Manuel I Komnenos

related topics
{war, force, army}
{son, year, death}
{church, century, christian}
{area, part, region}
{country, population, people}
{company, market, business}
{line, north, south}
{rate, high, increase}
{law, state, case}

Manuel I Komnenos (or Comnenus) (Greek: Μανουήλ Α' Κομνηνός, Manouēl I Komnēnos) (November 28, 1118 – September 24, 1180) was a Byzantine Emperor of the 12th century who reigned over a crucial turning point in the history of Byzantium and the Mediterranean. Eager to restore his empire to its past glories as the superpower of the Mediterranean world, Manuel pursued an energetic and ambitious foreign policy. In the process he made alliances with the Pope and the resurgent west, invaded Italy, successfully handled the passage of the dangerous Second Crusade through his empire, and established a Byzantine protectorate over the Crusader kingdoms of Outremer. Facing Muslim advances in the Holy Land, he made common cause with the Kingdom of Jerusalem and participated in a combined invasion of Fatimid Egypt. Manuel reshaped the political maps of the Balkans and the east Mediterranean, placing the kingdoms of Hungary and Outremer under Byzantine hegemony and campaigning aggressively against his neighbours both in the west and in the east. However, towards the end of his reign Manuel's achievements in the east were compromised by a serious defeat at Myriokephalon, which in large part resulted from his arrogance in attacking a well-defended Seljuk position.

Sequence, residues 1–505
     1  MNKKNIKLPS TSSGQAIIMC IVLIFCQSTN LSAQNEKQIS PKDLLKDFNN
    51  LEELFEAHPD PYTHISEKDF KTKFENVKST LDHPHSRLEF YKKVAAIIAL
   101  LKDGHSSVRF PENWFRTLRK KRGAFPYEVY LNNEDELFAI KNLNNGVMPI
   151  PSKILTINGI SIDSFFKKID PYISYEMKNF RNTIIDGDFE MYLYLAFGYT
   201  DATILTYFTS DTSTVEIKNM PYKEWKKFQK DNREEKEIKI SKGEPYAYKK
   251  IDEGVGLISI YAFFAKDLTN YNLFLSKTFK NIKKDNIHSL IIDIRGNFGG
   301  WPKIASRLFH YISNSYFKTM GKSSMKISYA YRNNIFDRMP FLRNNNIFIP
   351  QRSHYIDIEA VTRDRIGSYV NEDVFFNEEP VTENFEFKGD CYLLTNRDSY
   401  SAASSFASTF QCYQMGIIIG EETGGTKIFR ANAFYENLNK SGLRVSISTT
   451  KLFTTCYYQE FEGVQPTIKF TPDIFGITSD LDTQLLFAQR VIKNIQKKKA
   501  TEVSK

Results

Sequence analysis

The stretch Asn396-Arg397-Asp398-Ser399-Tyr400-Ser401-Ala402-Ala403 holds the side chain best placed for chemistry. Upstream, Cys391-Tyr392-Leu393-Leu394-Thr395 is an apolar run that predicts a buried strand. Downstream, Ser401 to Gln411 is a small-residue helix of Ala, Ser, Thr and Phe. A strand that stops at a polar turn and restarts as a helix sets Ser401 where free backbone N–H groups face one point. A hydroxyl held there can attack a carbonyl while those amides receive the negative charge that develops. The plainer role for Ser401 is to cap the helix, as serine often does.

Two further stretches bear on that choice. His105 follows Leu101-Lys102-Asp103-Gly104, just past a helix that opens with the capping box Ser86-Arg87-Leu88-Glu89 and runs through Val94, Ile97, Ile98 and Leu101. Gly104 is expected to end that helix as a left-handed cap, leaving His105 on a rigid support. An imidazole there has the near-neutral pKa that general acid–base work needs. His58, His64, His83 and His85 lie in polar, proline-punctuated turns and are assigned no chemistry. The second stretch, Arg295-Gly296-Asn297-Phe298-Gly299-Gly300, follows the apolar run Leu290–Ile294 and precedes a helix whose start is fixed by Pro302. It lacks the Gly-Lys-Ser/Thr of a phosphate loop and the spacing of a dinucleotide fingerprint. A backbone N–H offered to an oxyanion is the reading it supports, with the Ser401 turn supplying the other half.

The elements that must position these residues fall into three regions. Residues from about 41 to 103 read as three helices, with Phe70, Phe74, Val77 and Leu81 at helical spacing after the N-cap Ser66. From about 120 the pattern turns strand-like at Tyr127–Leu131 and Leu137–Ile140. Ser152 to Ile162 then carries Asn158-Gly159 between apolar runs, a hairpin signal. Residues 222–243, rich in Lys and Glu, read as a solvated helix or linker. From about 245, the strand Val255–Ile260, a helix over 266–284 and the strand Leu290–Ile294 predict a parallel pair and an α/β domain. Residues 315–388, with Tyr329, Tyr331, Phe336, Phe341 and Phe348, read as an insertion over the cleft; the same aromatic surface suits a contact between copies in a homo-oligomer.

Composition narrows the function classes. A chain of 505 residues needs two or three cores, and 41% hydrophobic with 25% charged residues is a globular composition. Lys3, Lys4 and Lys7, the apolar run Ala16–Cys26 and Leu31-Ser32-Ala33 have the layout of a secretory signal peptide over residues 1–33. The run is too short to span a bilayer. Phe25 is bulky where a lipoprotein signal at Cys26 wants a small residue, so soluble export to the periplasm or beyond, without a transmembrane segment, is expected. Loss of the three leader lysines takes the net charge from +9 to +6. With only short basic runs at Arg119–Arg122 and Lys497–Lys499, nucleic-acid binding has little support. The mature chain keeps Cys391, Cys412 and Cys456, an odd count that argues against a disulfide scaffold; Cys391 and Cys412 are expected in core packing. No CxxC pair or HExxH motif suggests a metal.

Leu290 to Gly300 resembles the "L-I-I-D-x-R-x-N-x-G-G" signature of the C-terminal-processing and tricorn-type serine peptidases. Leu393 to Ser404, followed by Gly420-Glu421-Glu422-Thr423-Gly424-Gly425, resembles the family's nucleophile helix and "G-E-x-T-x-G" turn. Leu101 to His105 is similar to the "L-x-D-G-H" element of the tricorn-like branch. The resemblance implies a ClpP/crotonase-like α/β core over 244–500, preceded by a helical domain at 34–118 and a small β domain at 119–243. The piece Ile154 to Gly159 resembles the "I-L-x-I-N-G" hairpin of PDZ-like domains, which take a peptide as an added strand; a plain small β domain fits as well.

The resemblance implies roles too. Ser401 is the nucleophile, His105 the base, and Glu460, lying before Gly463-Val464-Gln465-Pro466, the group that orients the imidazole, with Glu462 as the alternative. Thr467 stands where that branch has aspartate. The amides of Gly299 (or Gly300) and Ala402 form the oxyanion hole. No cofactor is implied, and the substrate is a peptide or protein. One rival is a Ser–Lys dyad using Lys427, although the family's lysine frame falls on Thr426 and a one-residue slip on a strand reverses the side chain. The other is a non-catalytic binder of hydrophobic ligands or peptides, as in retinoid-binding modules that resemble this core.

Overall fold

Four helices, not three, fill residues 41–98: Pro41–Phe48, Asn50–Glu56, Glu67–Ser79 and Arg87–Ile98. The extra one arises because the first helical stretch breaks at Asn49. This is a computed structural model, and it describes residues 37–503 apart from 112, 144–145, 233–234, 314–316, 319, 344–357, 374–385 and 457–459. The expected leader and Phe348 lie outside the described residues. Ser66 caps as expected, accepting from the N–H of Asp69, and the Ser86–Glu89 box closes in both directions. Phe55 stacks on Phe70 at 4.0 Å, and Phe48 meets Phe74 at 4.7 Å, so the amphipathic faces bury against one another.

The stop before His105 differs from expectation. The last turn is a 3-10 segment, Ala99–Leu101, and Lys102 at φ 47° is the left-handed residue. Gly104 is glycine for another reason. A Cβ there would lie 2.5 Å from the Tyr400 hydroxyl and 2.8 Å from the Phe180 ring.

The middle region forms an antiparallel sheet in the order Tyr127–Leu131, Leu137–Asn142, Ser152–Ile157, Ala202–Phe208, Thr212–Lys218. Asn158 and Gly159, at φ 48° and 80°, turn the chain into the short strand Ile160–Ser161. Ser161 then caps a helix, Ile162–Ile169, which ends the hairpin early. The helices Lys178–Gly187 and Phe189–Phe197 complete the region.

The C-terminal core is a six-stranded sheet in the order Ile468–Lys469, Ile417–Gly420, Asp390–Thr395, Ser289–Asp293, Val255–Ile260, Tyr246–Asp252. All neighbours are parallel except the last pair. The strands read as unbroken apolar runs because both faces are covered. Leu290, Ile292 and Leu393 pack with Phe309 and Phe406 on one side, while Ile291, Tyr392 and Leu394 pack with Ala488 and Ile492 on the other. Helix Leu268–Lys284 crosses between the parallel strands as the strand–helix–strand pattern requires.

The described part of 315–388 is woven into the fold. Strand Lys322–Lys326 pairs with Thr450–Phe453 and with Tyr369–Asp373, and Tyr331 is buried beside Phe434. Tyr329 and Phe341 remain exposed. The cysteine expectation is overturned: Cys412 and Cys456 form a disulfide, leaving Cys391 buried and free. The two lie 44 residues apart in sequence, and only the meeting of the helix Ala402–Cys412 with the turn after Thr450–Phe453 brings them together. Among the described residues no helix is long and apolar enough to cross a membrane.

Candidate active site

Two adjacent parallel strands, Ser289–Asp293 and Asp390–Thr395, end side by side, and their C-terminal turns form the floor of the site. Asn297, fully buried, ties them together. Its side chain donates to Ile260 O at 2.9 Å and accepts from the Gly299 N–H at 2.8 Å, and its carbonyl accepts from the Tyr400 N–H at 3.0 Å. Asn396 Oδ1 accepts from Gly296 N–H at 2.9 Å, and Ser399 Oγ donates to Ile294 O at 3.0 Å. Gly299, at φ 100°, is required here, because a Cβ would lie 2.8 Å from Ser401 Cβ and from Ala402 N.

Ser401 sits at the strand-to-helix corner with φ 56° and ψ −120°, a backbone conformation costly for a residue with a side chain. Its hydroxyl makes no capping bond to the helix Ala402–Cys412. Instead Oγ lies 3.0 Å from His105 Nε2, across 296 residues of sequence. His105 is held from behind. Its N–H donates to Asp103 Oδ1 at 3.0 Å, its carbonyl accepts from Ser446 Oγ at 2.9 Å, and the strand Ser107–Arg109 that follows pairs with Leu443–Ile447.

Called ho Megas (Greek: ὁ Μέγας, translated as "the Great") by the Greeks, Manuel is known to have inspired intense loyalty in those who served him. He also appears as the hero of a history written by his secretary, John Kinnamos, in which every virtue is attributed to him. Manuel, who was influenced by his contact with western Crusaders, enjoyed the reputation of "the most blessed emperor of Constantinople" in parts of the Latin world as well.[1] Modern historians, however, have been less enthusiastic about him. Some of them assert that the great power he wielded was not his own personal achievement, but that of the dynasty he represented; they also argue that, since Byzantine imperial power declined so rapidly after Manuel's death, it is only natural to look for the causes of this decline in his reign.[2]

Contents

Full article ▸

related documents
Giuseppe Garibaldi
Wars of Scottish Independence
Reinhard Heydrich
Battle of Bannockburn
Glorious Revolution
History of Norway
Mark Antony
Saladin
Frederick Augustus I of Saxony
Basil II
European influence in Afghanistan
Antonio López de Santa Anna
Peter I of Russia
1346
Gaius Marius
Battle of Crécy
French Wars of Religion
Yongle Emperor
Flavius Aetius
Yuan Shikai
Lucius Afranius (consul)
Fourth Crusade
Charles XII of Sweden
Swiss Guard
John III Sobieski
Muammar al-Gaddafi
Battle of the Teutoburg Forest
Norman conquest of England
Siege of Orléans
George Meade